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Key Clinical Updates in Granulomatosis with Polyangiitis

American College of Rheumatology/Vasculitis Foundation recommendations favor rituximab as first-line induction therapy. Cyclophosphamide may also be used for induction therapy. Avacopan is FDA-approved as add-on treatment for severe ANCA-associated vasculitis induction therapy in combination with rituximab or cyclophosphamide plus corticosteroids.

For nonsevere disease without life- or organ-threatening manifestations, methotrexate up to 25 mg oral or subcutaneous weekly, plus corticosteroids may be effective induction therapy.

Rituximab, dosed at a fixed interval of 1 g every 6 months or 500 mg every 4 months, is favored as first-line maintenance treatment.

Chung SA et al. Arthritis Rheumatol. [PMID: 34235894]

Jayne DRW et al; ADVOCATE Study Group. N Engl J Med. [PMID: 33596356]

ESSENTIALS OF DIAGNOSIS

  • Classic triad of upper and lower respiratory tract disease and glomerulonephritis.

  • Suspect if upper respiratory tract symptoms (eg, nasal congestion, sinusitis) are refractory to usual treatment.

  • Kidney disease is often rapidly progressive.

  • Venous thromboembolism commonly occurs.

  • ANCAs (90% of patients), usually directed against proteinase-3 (but may be directed against myeloperoxidase).

  • Tissue biopsy usually necessary for diagnosis.

GENERAL CONSIDERATIONS

Granulomatosis with polyangiitis (formerly Wegener granulomatosis), which has an estimated incidence of approximately 12 cases per million individuals per year, is one of three vasculitides associated with ANCA. The other “ANCA-associated vasculitides” include microscopic polyangiitis and eosinophilic granulomatosis with polyangiitis. Granulomatosis with polyangiitis is characterized by vasculitis of small arteries, arterioles, and capillaries, necrotizing granulomatous lesions of both upper and lower respiratory tract, glomerulonephritis, and other vasculitic organ manifestations. Without treatment, generalized disease is invariably fatal, with most patients surviving less than 1 year after diagnosis. It occurs most commonly in the fourth and fifth decades of life and affects men and women with equal frequency.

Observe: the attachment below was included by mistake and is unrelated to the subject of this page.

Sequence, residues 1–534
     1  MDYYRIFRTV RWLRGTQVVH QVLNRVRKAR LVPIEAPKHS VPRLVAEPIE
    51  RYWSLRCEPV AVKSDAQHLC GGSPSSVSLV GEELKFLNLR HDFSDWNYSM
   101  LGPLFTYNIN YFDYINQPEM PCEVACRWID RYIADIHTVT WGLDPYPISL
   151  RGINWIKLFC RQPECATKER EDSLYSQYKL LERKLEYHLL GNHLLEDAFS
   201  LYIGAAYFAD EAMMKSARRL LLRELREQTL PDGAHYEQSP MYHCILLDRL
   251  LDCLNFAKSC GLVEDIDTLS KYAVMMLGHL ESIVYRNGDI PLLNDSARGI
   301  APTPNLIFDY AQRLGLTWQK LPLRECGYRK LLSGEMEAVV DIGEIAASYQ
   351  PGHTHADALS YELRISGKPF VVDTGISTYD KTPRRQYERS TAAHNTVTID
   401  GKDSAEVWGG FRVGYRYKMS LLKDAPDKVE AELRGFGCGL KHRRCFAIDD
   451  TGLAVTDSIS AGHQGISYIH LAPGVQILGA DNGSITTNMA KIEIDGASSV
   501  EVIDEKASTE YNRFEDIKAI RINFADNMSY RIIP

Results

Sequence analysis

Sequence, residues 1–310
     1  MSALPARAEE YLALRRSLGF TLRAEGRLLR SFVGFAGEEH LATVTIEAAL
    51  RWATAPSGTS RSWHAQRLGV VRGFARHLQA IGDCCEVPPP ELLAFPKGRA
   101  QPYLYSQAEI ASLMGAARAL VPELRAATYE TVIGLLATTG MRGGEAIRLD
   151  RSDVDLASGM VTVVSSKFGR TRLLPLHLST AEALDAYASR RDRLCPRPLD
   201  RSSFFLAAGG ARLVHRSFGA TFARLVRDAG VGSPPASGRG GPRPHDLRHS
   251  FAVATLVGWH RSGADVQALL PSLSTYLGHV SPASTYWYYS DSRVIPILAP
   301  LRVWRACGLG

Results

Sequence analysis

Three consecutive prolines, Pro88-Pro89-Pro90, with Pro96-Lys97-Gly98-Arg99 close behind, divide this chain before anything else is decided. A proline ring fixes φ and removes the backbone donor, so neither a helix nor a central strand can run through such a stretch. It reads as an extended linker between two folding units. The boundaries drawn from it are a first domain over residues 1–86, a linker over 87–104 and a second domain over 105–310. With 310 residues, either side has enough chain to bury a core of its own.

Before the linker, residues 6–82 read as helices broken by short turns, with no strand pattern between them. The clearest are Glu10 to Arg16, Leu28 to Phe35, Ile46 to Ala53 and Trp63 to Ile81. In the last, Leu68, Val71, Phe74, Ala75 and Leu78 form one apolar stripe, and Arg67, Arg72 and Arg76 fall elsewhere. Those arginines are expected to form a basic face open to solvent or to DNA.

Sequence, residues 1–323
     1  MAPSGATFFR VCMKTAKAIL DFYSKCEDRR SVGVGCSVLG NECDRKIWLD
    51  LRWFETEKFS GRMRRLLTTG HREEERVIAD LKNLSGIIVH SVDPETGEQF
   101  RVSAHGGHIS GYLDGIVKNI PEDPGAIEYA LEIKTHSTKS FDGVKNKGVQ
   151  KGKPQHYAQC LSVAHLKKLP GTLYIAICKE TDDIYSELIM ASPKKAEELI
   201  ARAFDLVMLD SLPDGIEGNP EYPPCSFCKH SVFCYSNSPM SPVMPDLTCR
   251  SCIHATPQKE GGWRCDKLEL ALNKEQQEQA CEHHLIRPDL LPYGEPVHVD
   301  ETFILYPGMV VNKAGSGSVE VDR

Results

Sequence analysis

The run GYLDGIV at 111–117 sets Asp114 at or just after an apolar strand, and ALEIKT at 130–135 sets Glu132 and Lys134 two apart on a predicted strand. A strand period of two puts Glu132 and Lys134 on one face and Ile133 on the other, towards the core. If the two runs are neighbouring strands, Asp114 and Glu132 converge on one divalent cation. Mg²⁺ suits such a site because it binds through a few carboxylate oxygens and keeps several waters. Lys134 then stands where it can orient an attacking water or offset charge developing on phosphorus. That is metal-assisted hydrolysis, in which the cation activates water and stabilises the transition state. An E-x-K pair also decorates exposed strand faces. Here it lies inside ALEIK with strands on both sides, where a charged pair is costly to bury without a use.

CLINICAL FINDINGS

A. Symptoms and Signs

The disorder usually develops over 4–12 months. Upper respiratory tract symptoms develop in 90% of patients and lower respiratory tract symptoms develop in 60% of patients; some patients may have both upper and lower respiratory tract symptoms. Upper respiratory tract symptoms can include nasal congestion, sinusitis, otitis media, mastoiditis, inflammation of the gums, or stridor due to subglottic stenosis. Since many of these symptoms are common, the underlying disease is not often suspected until the patient develops systemic symptoms, or the original problem is refractory to treatment. The lungs are affected initially in 40% and eventually in 80%, with symptoms including cough, dyspnea, and hemoptysis. Other early symptoms can include a migratory oligoarthritis with a predilection for large joints; a variety of symptoms related to ocular disease (unilateral proptosis from orbital pseudotumor; red eye from scleritis [Figure 20–8] (eFigure 20–27), episcleritis, anterior uveitis, or peripheral ulcerative keratitis); purpura or other skin lesions; and dysesthesia due to neuropathy. Renal involvement, which develops in three-fourths of the cases, may be subclinical until kidney disease is advanced. Fever, malaise, ...

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